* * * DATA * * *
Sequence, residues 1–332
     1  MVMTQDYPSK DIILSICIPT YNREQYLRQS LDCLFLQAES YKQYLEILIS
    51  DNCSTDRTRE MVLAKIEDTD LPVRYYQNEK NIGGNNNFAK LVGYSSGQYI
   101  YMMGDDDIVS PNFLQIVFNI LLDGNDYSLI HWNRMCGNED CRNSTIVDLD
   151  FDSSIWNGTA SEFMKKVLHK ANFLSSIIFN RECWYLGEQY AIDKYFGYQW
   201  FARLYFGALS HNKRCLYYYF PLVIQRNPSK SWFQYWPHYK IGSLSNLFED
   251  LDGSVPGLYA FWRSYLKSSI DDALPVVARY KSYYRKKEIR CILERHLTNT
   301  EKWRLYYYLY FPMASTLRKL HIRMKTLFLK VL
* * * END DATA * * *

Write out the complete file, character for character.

Sequence, residues 1–332
     1  MVMTQDYPSK DIILSICIPT YNREQYLRQS LDCLFLQAES YKQYLEILIS
    51  DNCSTDRTRE MVLAKIEDTD LPVRYYQNEK NIGGNNNFAK LVGYSSGQYI
   101  YMMGDDDIVS PNFLQIVFNI LLDGNDYSLI HWNRMCGNED CRNSTIVDLD
   151  FDSSIWNGTA SEFMKKVLHK ANFLSSIIFN RECWYLGEQY AIDKYFGYQW
   201  FARLYFGALS HNKRCLYYYF PLVIQRNPSK SWFQYWPHYK IGSLSNLFED
   251  LDGSVPGLYA FWRSYLKSSI DDALPVVARY KSYYRKKEIR CILERHLTNT
   301  EKWRLYYYLY FPMASTLRKL HIRMKTLFLK VL